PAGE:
What is a credit score?

Your credit score (also known as your credit rating) is a number that represents your risk profile as a borrower. Typically, a higher score represents a lower credit risk, while a lower score represents a higher credit risk. Lenders may use this score along with other criteria when deciding whether to give you credit or a loan, as well as determining what rates and offers you're eligible for.

Knowing your credit score can help you when you're applying for a loan or credit. You can use it to negotiate better deals or understand why your application was declined, as well as spot any potential signs of identity theft.

How your credit score is calculated

An Equifax credit score is a number between 0 and 1,200 and is calculated using information from your credit report.

Your credit report includes a range of personal and financial information, with each carrying a different weight in the calculation:

Type of information Weight
Credit enquiries and applications 40%
Repayment history* 38%
Adverse events 7%
Personal information 6%
Information on credit accounts 4%
Commercial credit information 3%
Address information 1%
Length of credit history 1%

* Positive credit reporting data excludes telco and utility providers

Information stays on your report for varying lengths on time, depending on the type of data. Some examples include:

  • Personal information such as your date of birth and driver's license stays for the life of the report. 
  • Any open credit or loan accounts stay on the report during the life of the product as well as an additional two years after you've closed the account.
  • Bankruptcy or personal insolvency agreements will vary depending on the terms. 
  • Repayment history is kept on file for two years.
  • Credit applications, overdue accounts, and legal actions stay on file for five years.
  • Serious credit infringements are kept on file for seven years.

How to check your credit score

You can check your credit score by downloading a copy of your credit report from a national credit reporting agency.

You're entitled to a free copy of your credit report every three months from each of the three nationwide credit bureaus, within 90 days of being denied credit, and after amendments have been made to your credit information. We recommend obtaining a copy at least once a year to keep an eye on any suspicious activity or evidence of identity theft, which can negatively impact your credit score.

Equifax is one of the three national credit reporting bodies in Australia, and we offer free basic credit reports or paid subscription plans if you want to access your report more regularly and take advantage of additional benefits. We're also the leading bureau for primary lenders, telco & utilities, and auto with 19.4 million credit consumer files.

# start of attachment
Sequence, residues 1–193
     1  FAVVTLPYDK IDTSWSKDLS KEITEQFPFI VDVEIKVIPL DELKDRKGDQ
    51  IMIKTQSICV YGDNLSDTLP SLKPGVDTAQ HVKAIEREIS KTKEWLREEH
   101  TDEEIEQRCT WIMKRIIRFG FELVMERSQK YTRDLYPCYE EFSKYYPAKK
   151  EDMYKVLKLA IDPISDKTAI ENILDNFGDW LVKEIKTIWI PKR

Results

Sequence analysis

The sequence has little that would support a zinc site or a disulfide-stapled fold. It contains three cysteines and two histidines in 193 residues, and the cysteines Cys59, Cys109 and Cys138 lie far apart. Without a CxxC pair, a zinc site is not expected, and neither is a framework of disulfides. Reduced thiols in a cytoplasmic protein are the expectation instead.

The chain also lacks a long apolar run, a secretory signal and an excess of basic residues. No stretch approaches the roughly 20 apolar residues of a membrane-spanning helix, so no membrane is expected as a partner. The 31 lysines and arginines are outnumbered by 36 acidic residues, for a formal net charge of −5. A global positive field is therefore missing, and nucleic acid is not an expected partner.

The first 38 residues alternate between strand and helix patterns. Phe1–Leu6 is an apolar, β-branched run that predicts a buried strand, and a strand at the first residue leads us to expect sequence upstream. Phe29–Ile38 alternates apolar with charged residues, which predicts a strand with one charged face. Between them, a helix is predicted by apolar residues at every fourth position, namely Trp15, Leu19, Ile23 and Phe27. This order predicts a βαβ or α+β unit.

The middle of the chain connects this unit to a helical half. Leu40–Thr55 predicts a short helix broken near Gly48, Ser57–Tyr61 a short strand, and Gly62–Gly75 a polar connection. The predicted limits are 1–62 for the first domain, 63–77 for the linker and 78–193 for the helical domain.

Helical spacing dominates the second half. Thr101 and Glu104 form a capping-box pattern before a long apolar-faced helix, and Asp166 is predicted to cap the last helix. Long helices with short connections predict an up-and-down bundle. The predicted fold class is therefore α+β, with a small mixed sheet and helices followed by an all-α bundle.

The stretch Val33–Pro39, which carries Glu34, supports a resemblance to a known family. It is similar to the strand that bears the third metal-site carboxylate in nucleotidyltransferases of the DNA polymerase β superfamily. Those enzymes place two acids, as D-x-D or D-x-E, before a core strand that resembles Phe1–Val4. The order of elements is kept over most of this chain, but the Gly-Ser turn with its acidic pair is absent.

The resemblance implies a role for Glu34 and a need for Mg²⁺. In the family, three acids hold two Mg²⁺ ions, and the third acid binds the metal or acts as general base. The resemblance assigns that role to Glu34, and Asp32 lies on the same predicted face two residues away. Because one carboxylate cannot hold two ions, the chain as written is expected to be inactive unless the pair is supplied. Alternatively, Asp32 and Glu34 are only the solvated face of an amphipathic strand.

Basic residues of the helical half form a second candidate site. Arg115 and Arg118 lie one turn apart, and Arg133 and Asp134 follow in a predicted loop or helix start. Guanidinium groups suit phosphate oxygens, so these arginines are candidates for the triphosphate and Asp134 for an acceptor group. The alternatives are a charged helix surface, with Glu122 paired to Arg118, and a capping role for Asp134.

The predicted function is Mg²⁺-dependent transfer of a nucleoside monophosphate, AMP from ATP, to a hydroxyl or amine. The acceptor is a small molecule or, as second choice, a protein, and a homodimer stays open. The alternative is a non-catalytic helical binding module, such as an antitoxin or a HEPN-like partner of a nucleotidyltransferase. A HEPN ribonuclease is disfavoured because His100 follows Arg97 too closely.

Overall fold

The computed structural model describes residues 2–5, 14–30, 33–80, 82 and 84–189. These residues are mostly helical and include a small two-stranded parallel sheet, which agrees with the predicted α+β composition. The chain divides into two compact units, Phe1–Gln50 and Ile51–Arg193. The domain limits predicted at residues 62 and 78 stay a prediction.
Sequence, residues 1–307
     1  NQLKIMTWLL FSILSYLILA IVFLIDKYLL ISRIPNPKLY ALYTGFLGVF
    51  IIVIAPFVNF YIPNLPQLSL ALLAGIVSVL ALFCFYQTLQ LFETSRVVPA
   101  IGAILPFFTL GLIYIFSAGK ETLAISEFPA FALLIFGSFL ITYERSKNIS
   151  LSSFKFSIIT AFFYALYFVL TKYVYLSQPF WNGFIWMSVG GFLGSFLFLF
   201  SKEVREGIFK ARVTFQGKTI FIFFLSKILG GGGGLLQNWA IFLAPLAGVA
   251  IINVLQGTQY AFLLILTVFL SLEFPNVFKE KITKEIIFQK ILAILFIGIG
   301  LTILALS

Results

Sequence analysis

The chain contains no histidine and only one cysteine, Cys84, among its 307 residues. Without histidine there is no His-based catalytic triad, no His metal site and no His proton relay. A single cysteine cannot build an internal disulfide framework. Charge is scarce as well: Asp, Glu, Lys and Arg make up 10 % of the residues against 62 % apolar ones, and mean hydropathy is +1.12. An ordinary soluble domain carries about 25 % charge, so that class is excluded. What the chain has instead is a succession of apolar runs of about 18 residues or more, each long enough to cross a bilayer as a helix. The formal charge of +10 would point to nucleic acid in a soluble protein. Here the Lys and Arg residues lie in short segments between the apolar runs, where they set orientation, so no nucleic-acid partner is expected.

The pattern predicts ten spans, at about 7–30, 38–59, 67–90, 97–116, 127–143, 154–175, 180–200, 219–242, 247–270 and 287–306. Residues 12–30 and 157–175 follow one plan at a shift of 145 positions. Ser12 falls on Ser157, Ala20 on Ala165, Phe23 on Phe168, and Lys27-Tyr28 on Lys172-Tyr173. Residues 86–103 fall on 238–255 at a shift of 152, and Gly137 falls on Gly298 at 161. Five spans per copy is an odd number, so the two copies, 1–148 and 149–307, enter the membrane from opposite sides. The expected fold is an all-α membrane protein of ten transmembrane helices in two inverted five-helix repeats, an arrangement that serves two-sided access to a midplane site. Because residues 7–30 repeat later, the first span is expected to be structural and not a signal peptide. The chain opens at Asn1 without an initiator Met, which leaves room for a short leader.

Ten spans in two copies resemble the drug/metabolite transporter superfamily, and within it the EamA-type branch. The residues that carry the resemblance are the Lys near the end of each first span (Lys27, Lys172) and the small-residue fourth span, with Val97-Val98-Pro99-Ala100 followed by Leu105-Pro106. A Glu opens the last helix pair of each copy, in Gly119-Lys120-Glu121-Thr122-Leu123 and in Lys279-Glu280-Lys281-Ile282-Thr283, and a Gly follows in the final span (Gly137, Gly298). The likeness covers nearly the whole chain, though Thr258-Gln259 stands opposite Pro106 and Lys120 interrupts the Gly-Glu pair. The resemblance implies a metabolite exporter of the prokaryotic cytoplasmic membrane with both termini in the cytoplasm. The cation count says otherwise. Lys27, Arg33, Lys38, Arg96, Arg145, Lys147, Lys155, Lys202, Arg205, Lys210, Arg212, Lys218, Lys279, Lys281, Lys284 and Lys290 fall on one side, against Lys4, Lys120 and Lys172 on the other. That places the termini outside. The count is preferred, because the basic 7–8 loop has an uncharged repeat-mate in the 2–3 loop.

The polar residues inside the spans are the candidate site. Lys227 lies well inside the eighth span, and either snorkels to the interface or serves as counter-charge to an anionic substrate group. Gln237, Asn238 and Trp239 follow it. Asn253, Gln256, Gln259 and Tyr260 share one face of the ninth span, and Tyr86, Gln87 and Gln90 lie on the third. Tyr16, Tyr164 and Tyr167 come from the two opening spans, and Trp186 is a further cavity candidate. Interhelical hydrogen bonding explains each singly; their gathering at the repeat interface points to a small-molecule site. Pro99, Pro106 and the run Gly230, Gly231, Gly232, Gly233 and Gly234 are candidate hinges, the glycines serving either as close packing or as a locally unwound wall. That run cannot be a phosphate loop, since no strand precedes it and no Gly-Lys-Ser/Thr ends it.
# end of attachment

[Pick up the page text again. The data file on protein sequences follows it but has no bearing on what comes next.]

What is a good credit score?

After downloading your credit report, you'll see a summary of the information in your report including your credit score and how it ranks. This is where you can see whether your score if considered good, bad, or somewhere in between.

At Equifax, we rank credit scores across five different categories:

Below average ≈0–459
Average ≈460-660
Good ≈661-734
Very good ≈735-852
Excellent ≈853-1200

A good credit score improves your chances of being approved for credit or a loan and can help you negotiate a better deal. It's why checking your score before you apply can be a smart move and help you prepare.

If you have a low credit score, you may find it difficult to get approved for credit or a loan. You can seek out alternative lenders that specialise in working with people that have a low credit score. Or, you can take steps to improve your score and apply again later.

How to improve your credit score

A good credit score can help you get the finance you need to reach your life goals, so it's worth taking steps to improve it. These steps might include:

Checking your credit report

Your Equifax Credit Report will show you the top contributing factors that influence you score, so you know where to start to improve it.

Fixing any errors

Report any errors to the relevant credit provider so they can be fixed. If the error is unexplained, it can be a sign of identity theft.

Making payments on time

Budget for any upcoming repayments and consider setting up automatic payments so you don't miss any due dates.

Limiting credit applications

Avoid making several credit applications in a short space of time as they will be recorded and can bring your credit score down.

Tracking progress

How long it takes to improve your credit score will vary, depending on the influences behind the score. Periodic checks of your credit report can help you track progress and stay motivated.

Keeping on top of your credit score

Whether you're looking to buy a car, a home, or go on a bucket-list holiday, having a good credit score can help you get the finance you need to reach your goals. Regular checks of your credit report can help you keep on top of your credit score, be better prepared when applying for credit or a loan, and spot any signs of identity theft. Just remember if you do see any signs of identity theft, it's important to act fast to minimise the potential damage.

To check your credit score, apply online with Equifax today.


Disclaimer: The information contained in this article is general in nature and does not take into account your personal objectives, financial situation or needs. Therefore, you should consider whether the information is appropriate to your circumstance before acting on it, and where appropriate, seek professional advice from a finance professional such as an adviser.